Warm soups for cold Eagle County days | VailDaily.com

Warm soups for cold Eagle County days

Sarah Mausolf
Vail CO, Colorado
EAT Terra Bistro2 KA 12-11-07

EAGLE COUNTY, Colorado ” In recent days, weather forecasters have been baffling Vail Valley residents with threats like “thunder snow” and unrelenting calls for flurries. Locals have been coping in several ways.

Some have done the obvious: Stampede the mountain to crush some powder. A less lucky group ” those infected by the flu ” have celebrated by swigging Nyquil in bed. Finally, some of us marked the occasion by taking the turn into the Edwards Riverwalk shopping center too fast, slipping on the ice and crashing their cars into the median.

With paranoia spreading about seasonal depression and lack of vitamin D, I would like to propose a fourth coping mechanism: Soup. Many cooks cite hot soup on a freezing day as one of winter’s delights.

“It’s easy,” said Jenna Johansen, executive chef of Dish Restaurant. “It’s always better the second day and it’s something good that you can freeze and keep for a snowy day.”

Matt Jones, owner of Matthew’s in Edwards, adds that chicken broth can boost the immune system.

Look below to find winter soup recipes from four local chefs. Because the face-mask-wearing masses need warmth.

A Bouillabaisse is a traditional French stew heavy on seafood. With scallops, mussels and shrimp, this dish from executive chef Kevin Nelson certainly fits the description. This classic Bouillabaisse has Spanish touches, Nelson notes.

Translating roughly to “sea soup,” this stew makes for a good winter dish because it’s hearty and rich with carbohydrates, Terra Bistro’s executive sioux chef Vincent Fontanella said.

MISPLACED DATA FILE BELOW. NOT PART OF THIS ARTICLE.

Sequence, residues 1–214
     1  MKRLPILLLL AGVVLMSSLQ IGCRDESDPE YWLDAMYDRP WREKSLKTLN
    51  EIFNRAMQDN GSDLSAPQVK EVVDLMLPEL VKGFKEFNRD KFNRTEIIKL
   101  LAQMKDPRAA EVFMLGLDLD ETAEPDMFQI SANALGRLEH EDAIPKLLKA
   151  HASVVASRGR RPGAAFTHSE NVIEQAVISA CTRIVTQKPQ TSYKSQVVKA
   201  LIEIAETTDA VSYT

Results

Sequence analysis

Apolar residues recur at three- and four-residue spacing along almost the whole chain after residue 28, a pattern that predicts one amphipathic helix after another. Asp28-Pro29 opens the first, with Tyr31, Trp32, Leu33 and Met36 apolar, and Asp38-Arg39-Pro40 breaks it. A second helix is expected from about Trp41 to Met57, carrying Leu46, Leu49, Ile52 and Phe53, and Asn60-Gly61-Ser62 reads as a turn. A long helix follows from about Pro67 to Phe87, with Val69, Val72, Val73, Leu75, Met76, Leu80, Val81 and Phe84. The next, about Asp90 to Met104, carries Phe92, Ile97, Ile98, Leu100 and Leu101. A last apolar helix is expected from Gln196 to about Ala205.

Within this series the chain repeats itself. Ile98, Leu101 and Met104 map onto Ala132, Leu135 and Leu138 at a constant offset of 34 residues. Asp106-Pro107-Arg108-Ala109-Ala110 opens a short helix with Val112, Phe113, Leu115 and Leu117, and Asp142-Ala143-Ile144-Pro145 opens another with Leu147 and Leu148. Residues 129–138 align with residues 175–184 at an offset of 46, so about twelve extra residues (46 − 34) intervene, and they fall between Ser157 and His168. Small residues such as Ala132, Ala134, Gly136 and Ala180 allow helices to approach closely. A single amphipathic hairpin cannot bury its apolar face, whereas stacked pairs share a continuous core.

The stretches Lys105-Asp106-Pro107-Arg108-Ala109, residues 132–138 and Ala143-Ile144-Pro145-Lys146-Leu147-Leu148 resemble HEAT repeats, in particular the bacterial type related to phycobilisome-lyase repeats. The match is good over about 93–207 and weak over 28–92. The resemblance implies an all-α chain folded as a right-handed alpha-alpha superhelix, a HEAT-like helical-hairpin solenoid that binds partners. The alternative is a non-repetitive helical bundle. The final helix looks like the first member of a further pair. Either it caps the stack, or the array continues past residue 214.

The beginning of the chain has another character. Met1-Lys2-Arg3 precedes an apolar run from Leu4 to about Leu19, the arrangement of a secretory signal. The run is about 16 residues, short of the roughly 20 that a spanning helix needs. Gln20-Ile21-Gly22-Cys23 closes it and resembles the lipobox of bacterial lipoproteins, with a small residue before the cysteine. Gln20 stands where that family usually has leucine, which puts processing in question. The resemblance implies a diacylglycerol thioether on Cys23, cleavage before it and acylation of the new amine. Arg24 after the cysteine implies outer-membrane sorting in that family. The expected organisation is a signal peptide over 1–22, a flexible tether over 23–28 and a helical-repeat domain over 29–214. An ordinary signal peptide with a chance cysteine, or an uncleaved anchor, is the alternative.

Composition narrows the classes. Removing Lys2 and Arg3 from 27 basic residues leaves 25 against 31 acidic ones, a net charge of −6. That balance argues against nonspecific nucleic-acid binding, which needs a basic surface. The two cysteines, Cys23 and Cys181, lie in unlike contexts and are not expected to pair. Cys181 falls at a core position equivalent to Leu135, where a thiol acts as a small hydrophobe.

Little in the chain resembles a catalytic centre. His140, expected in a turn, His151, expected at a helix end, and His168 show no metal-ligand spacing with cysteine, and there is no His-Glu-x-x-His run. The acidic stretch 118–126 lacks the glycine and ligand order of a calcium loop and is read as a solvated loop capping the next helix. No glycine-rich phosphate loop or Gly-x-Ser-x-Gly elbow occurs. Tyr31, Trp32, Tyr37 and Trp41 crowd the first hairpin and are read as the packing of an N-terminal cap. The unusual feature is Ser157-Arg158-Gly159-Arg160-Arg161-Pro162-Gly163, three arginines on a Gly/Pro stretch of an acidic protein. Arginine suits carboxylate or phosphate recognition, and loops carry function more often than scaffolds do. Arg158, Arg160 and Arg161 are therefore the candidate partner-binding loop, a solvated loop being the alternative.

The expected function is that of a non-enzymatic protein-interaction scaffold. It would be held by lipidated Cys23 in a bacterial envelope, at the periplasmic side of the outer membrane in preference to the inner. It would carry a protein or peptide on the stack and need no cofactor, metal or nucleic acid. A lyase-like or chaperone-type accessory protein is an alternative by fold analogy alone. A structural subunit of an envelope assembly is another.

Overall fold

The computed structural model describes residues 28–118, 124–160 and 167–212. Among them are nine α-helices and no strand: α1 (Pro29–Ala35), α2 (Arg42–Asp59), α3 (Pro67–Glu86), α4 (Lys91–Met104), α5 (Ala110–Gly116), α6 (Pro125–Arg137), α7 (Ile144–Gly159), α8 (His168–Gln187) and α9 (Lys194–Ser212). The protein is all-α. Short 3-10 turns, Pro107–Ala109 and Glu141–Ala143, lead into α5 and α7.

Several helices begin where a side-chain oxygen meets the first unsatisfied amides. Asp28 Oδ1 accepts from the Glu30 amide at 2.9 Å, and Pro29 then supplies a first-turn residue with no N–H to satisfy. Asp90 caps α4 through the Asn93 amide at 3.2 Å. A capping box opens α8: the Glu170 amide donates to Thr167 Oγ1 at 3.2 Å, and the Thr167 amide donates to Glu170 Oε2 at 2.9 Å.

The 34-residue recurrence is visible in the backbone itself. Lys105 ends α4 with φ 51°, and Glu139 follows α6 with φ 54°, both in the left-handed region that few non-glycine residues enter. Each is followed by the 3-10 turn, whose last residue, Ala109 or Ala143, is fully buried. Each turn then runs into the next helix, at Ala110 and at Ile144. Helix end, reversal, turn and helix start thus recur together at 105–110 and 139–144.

Caldo Del Mar

Courtesy of Kevin Nelson, executive chef at Terra Bistro in Vail

Serves 2

2 ounces olive oil

6 fresh sea scallops

12 fresh mussels

8 small shrimp

1/2 teaspoon chopped fresh garlic

1/2 red bell pepper, julienned

1/4 fresh poblano pepper, julienned

1/2 yukon gold potato cooked and cubed

3 whole peeled roma tomatoes, roughly chopped

8 threads of saffron

zest and juice of half of one orange

1/4 cup white wine

2 cups fish or vegetable stock

salt to taste

fresh cilantro leaves for garnish

2 lime wedges for garnish

Toasted French bread for garnish

Preparation: In a medium sauce pot, heat the olive oil. Lightly brown the scallops and the shrimp (but do not fully cook them) in the olive oil and remove them from the pot and reserve for later. Add potatoes, garlic, and peppers and saute for 3 to 5 minutes. Add white wine, stock, tomatoes and orange juice. Bring to a simmer and add mussels. When mussels just start to open, return the scallops and shrimp to the pot.

Add the saffron and the orange zest and let the bouillabaisse simmer until the scallops and shrimp are just slightly cooked through and the mussels are fully opened. (Don’t over cook the scallops and shrimp, remove them from the soup if the mussels are taking too long to open. You can return the shrimp and scallops later if needed). Season with salt. Separate the seafood, vegetables and broth evenly into to serving bowls. Garnish with fresh cilantro leaves, toasted French bread and a lime wedge.

Juan Anon has been making this soup for 15 years, he said. His grandmother taught him how to make this classic one-pot soup, which he calls his family’s ultimate comfort food.

“It’s very rich and thick,” Anon said. “For winter, its absolutely outstanding. You have the smokey flavor of the sausages, some people do it with no sausage, but this is very traditional in Southern France and Italy.”

Chicken, Sausage and White Bean Soup

Courtesy of Juan Anon, executive chef of the French Press and co-owner of Angelino in Edwards

Serves 8

1 cup onion, julienned

1 cup carrot, small dice

1 cup celery, small dice

2 cups tomato, small dice

2 cups white beans

1/2 cabbage, medium size julienne

1/2 chicken cut in six pieces

2 cups of smoked polish sausage, sliced lengthwise and diced

1 teaspoon fresh thyme

1 tablespoon fresh chopped parsley

3 quarts water

salt and pepper to taste

Preparation: Place chicken in a hot soup pot, with a little oil. Brown and set aside. Sweat carrots, celery and onions in the same pot and add the chicken back to the pot. Incorporate the rest of the ingredients. Cook for 45 minutes to one hour at low heat. Remove the chicken, pull the bones out and separate the meat into a smaller pieces. Return the meat to the pot, mix and serve.